Achieving trusted advisor status is a primary goal of many leaders. Whether that status is with internal business partners, senior leaders, or customers, leaders don’t want to be seen simply as order takers. Instead they want to be viewed as a valuable resource in the other person’s decision making process.
Having the wrong type of conversation is one of the biggest mistakes leaders make in trying to become a trusted advisor. I recently observed a group of business consultants working with a client. The consultants were trying to help the client improve his people’s performance on a specific issue. What struck me about the interaction was that it didn’t sound like a conversation. It sounded like an interview. The consultants would ask a question, the client would answer. The consultants would then ask the next question on their list or ask for a clarification of the prior answer. It was mostly a one-way conversation with the client doing most of the heavy lifting. The process appeared smooth and efficient but it didn’t feel natural. More importantly, it didn’t provide the information or results the consultants needed. In many cases, the client wasn’t quite sure what to answer.
Often an individual who is facing a problem doesn’t have it fully defined. Asking good questions can certainly help the person clarify his or her issue. However, sometimes people simply haven’t thought through the problem well enough to have an answer.
For many people, reacting to an idea or statement is often easier than generating one from scratch. A good trusted advisor should use a combination of questions, observations, stories, and examples to help facilitate a discussion. Not only will that help the other person organize and clarify his or her thoughts, it will make the conversation feel much more natural.
Trusted advisors don’t interview their clients. Instead they participate in a deep conversation about the client’s business problem. Listening and understanding should be the primary goal and there is nothing wrong with asking questions. However, a conversation should be a two-way dialog. The trusted advisor should be adding to the discussion, not just taking down information from the client.
When you think about the best talk show hosts or interviewers on radio or television, you’ll notice that they don’t actually interview their guests (other than perhaps James Lipton who has mastered the interview). Most of them carry on a two way conversation. They use questions during that conversation but they also offer their own insights and observations along the way. This helps to keep the conversation flowing and often opens up new areas to explore and discuss. It also makes the interaction more natural and interesting.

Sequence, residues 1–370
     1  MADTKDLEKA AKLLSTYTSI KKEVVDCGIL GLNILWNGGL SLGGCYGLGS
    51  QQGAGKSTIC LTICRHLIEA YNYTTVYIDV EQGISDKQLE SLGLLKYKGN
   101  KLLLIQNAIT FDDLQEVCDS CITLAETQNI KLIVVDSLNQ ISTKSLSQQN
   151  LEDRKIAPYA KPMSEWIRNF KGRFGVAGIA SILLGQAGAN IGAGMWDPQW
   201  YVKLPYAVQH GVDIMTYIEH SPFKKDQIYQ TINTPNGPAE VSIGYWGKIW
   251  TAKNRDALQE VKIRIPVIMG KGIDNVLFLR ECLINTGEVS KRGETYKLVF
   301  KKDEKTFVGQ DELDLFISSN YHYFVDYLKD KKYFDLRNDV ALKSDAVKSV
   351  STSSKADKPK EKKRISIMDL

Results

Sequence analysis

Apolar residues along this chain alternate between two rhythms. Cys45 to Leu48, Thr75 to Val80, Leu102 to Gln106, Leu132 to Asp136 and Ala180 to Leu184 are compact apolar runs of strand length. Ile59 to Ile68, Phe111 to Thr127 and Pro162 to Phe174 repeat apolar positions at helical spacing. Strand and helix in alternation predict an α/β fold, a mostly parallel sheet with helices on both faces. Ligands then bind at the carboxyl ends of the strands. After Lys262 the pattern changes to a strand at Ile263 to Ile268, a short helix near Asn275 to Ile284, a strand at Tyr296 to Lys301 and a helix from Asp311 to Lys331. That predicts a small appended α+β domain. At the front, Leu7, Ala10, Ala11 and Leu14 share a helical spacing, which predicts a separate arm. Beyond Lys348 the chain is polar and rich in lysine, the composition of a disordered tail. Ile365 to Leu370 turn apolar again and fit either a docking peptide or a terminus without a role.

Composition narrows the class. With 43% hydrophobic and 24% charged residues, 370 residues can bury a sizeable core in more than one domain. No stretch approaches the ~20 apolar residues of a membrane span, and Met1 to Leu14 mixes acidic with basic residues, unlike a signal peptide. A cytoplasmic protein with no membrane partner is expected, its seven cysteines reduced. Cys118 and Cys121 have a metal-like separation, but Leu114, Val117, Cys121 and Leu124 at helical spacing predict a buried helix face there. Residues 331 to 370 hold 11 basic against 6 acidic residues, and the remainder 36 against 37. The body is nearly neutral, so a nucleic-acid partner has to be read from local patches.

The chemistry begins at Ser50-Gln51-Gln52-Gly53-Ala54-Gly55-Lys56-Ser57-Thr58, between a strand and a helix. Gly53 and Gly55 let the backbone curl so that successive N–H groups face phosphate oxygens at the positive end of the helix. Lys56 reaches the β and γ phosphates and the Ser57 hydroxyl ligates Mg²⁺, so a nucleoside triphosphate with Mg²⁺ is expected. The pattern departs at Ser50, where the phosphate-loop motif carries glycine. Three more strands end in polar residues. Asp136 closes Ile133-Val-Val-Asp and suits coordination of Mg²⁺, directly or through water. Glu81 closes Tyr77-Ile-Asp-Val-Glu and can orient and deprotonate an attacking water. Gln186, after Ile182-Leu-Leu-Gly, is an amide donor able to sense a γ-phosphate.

If you want to be a trusted advisor, stop interviewing your clients and instead talk with them. Don’t dominate the conversation – your goal is still to listen and understand. However, help them make sense of their situation by giving them things to think about, compare against, and react. Not only will that help make the conversation flow, it will help you demonstrate your expertise. Asking a series of rote questions isn’t particularly hard. Synthesizing someone’s statements and pulling up a story or example to help clarify those statements demonstrates mastery.
Here are a few tips for shifting from an interview to a discussion:
· Relate what you are hearing to another client or experience you’ve had
· Extend what you are hearing by discussing research, articles, or other things that you’ve read on the topic
· Help the client organize his or her thoughts by providing a model or framework (e.g., “Generally these types of problems fall into one of three categories . . .”)
· Keep an open mind – you’re not trying to convince your client that your ideas are right, you are just giving him or her something upon which to react
· Don’t be afraid of being wrong. It’s ok to be wrong when making sense of what your client is saying. You are testing your assumptions. Your client will correct you and will also clarify the issue better for him or herself. They will also appreciate the fact that you are trying to make sense of the situation.
People don’t like to be interviewed. It puts them on the spot, creates risk, and can even be perceived as being confrontational. People like engaging in conversations. Our brains work better when reacting and making sense of things in context. Conversation and dialog provide context, discrete questions remove context.
A trusted advisor's value isn't just based upon helping a client determine the best solution. Sometimes the value is in helping that client better understand his or her problem.
Try to shift from conducting interviews to engaging in discussions. In doing so, you’ll learn more, make better recommendations, increase buy-in, and ultimately create a better relationship.